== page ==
Nearly four out of five Filipinos remain satisfied with how democracy is working in the country—two years into the Duterte administration—and still prefer it over other forms of government, a Social Weather Stations survey released Tuesday showed.
The results of the First Quarter 2018 Social Weather Survey—conducted over two months ago, from March 23 to 27—show that 78 percent of Pinoys remain satisfied with Philippine democracy, but down 2 percentage points from when the survey on the same subject was polled last year.
“Satisfaction with the way democracy works has been above 60 percent since June 2010, ranging from 64 percent to 86 percent,” the SWS said.
The House hearings on the impeachment complaint against deposed Chief Justice Maria Lourdes Sereno, and President Rodrigo Duterte’s position on having a joint exploration of the West Philippine Sea with China were among the major issues in the weeks leading to the survey.
It was conducted ahead of Sereno’s successful ouster from the high court through a quo warranto petition filed by Solicitor General Jose Calida.
Statistically, the latest survey was like the 79 percent recorded in June 2016, at the end of the previous Aquino administration. In contrast, it exceeded 50 percent in just two out of 31 surveys from October 1999 to June 2009, the pollster added.
The survey sampled 1,200 adults—300 each from Metro Manila, Balance Luzon, Visayas, and Mindanao—with error margins of ±3 percent for national percentages and ±6 percent for regional percentages.
Public satisfaction with the way democracy works usually peaks during a presidential election year, such as the record-high 86 percent rate in September 2016, 70 percent in both September 1992 and July 1998, and 68 percent in June 2010, SWS added.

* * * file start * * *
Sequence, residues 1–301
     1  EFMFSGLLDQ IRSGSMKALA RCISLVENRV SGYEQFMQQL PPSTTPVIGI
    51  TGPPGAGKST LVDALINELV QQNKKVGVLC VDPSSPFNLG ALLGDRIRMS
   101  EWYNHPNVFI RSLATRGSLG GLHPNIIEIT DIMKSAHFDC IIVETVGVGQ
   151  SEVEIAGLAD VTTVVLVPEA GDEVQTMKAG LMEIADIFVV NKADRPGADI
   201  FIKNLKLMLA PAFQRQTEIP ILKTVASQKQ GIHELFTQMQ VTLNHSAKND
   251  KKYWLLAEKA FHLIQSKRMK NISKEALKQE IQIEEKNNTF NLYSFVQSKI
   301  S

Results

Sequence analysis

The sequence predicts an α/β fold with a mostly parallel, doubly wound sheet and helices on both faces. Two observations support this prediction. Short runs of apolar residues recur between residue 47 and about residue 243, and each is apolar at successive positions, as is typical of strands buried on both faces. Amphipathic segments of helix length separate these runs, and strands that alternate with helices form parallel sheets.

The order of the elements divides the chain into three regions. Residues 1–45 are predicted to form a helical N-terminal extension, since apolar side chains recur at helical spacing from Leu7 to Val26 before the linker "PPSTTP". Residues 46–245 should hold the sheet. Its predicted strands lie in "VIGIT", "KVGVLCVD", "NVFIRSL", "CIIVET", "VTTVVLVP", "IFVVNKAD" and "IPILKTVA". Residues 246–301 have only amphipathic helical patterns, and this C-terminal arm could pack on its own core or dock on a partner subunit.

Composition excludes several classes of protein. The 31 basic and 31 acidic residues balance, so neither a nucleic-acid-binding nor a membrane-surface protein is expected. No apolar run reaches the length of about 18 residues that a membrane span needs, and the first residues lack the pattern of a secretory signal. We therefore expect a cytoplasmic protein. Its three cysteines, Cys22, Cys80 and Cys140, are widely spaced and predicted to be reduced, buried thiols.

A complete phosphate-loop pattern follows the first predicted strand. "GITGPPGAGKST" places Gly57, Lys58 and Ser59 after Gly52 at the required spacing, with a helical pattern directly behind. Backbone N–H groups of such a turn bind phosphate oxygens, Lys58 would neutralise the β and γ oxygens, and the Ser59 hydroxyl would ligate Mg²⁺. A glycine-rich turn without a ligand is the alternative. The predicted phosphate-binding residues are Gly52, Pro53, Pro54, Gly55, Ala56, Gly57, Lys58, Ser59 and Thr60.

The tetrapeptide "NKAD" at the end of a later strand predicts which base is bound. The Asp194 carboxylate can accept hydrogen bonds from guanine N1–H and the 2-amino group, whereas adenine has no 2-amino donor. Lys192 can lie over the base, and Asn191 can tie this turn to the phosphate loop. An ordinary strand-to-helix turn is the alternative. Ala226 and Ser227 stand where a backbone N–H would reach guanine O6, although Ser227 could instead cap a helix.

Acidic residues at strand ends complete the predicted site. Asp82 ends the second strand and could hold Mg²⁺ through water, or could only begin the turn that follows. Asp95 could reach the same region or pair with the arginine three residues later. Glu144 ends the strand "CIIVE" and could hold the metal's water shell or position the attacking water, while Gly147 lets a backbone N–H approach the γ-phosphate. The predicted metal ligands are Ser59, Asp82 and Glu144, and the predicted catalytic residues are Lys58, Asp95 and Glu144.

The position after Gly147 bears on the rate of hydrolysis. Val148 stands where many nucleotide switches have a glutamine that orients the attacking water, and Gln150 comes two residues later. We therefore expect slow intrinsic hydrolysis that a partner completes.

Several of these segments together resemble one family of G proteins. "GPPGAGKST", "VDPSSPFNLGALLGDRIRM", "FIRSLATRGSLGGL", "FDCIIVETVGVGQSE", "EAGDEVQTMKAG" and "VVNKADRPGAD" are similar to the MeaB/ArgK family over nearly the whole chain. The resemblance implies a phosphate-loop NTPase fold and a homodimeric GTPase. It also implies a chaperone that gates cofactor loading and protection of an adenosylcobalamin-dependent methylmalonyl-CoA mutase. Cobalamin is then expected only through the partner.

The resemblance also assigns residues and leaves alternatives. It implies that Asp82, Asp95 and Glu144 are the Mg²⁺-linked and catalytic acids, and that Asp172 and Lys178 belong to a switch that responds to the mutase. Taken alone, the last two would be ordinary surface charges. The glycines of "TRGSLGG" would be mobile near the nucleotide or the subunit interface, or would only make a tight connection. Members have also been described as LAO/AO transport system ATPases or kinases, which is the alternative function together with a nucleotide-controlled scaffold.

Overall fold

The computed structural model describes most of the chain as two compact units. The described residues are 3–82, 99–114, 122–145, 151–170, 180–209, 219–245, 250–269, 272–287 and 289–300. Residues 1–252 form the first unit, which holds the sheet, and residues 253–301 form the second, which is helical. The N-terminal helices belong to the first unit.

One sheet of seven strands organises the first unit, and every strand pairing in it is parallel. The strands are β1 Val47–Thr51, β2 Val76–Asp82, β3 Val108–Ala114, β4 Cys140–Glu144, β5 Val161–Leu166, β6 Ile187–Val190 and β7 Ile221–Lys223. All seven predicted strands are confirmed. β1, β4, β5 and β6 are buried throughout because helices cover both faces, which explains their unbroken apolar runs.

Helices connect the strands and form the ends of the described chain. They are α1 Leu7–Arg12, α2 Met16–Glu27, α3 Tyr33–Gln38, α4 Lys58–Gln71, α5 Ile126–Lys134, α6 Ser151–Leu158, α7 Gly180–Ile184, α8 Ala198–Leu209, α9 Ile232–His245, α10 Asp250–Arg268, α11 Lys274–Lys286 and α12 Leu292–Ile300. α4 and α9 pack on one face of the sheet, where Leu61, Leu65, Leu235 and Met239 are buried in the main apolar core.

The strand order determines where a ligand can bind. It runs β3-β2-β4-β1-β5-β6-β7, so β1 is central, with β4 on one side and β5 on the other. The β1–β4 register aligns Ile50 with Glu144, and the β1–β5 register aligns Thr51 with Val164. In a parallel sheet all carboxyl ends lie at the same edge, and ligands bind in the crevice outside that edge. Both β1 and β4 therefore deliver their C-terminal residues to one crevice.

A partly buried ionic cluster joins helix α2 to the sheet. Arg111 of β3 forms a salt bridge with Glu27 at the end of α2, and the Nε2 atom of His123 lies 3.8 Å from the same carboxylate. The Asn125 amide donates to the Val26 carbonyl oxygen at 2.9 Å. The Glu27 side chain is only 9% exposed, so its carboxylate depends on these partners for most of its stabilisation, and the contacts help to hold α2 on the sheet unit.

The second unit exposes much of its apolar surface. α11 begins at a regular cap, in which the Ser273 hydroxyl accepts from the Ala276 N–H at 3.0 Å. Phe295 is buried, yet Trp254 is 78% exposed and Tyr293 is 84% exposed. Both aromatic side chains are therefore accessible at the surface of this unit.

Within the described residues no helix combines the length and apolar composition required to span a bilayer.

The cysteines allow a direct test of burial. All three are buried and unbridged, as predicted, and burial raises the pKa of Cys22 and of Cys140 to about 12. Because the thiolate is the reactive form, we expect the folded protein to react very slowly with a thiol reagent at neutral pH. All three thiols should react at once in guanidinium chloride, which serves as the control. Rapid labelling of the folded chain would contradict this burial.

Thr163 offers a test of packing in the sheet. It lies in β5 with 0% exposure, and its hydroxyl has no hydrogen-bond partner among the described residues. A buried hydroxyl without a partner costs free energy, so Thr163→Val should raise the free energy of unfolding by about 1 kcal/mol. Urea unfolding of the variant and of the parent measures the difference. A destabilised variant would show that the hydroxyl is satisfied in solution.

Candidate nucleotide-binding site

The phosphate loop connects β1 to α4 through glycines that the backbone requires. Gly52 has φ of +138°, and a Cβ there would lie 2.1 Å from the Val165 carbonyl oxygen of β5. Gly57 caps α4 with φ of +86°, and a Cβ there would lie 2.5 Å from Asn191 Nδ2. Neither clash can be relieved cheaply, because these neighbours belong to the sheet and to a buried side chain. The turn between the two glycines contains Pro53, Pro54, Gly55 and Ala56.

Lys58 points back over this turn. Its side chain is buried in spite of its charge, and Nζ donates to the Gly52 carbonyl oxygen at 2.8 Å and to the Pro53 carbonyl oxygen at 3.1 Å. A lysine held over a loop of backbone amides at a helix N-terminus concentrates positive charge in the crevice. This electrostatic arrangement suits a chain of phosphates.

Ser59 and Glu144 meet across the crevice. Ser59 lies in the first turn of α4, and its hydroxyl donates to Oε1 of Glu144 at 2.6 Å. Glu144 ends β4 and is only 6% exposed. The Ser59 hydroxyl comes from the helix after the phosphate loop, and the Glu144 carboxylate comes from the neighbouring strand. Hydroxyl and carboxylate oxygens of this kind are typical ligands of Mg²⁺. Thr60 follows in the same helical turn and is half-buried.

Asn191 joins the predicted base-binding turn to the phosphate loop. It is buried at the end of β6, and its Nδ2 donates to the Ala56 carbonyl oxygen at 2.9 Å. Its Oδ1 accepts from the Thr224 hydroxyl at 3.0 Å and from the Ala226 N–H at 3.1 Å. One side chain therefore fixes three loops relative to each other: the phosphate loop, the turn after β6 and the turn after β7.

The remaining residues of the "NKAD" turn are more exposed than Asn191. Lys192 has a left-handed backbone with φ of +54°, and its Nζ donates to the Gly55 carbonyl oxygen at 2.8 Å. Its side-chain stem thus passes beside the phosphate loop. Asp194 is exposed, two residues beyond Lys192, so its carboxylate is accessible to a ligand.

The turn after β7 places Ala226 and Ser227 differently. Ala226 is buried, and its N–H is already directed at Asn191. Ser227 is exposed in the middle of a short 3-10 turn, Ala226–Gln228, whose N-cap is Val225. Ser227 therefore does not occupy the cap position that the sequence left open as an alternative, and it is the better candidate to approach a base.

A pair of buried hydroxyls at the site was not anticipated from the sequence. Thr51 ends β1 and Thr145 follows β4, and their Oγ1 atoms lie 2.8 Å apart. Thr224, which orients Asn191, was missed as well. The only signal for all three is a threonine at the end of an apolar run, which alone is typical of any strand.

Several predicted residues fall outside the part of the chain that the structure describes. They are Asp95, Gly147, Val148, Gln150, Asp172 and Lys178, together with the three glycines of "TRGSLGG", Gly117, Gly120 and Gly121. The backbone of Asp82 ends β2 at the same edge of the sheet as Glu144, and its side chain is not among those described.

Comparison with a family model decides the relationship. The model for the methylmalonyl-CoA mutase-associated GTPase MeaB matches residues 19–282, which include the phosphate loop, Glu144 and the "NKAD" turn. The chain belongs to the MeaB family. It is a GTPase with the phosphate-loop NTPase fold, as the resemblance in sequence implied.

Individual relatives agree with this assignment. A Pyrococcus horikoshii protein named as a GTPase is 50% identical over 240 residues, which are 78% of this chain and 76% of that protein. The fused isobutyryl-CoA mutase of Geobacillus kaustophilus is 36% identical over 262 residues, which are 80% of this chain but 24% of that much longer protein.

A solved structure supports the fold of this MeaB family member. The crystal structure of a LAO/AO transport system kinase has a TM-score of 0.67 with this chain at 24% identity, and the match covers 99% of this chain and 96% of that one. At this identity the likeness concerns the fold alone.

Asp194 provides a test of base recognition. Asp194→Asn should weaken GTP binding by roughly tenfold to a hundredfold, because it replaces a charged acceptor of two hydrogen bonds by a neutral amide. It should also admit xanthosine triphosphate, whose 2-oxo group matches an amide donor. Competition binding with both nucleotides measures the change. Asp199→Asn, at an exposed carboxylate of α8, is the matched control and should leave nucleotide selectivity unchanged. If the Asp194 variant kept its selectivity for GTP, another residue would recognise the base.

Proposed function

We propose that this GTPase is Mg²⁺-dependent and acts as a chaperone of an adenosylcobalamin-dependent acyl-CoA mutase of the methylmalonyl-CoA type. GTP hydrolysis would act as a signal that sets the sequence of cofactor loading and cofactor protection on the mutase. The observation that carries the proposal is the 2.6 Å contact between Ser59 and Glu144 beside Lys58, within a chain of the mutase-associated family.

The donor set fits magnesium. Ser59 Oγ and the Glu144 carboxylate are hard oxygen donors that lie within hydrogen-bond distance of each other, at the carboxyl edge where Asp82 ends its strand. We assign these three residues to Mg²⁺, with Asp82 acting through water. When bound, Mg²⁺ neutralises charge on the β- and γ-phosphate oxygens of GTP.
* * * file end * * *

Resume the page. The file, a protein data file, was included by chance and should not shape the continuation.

However, this plummeted to just 44 percent in June 2004, after then-President Gloria Macapagal Arroyo defeated popular actor Fernando Poe Jr, earning her a new six-year term after serving the remaining three years of deposed President Joseph Estrada. Poe died shortly after those polls.
The March 2018 survey also showed that three in five Filipinos, or 60 percent, believe that democracy is “always preferable” to any other kind of government.
Just 19 percent believed that under some circumstances, an authoritarian government can be preferable to a democratic one, while 21 percent thought it wasn’t important if the Philippines remained a democracy or not.
The number of Filipinos who continue to prefer democratic rule in the March survey mirrors the 61 percent recorded in June 2017, SWS said. This number has been over 50 percent since February 2009, and peaked at 65 percent in June 2013, it added.
One in five Filipinos believe that under some circumstances, an authoritarian government can be preferable to a democratic one, but SWS said this mark has remained below 20 percent since December 2015, spanning five straight polls.
The needle has barely moved for people who think it doesn’t matter whether the country has a democratic or non-democratic regime, from 20 percent in June 2017 to 21 percent last March, the pollster added.
“It has been 20 percent and above in 6 out of 7 surveys since September 2013,” it added.
“The people’s preference between democracy and authoritarianism is a different issue from the degree of satisfaction with how democracy works and is probed by a separate question,” SWS noted.
The question used to gauge public satisfaction in the way democracy works here came from the Eurobarometer surveys, the standard used in Latin American and Asian barometer projects, the SWS said.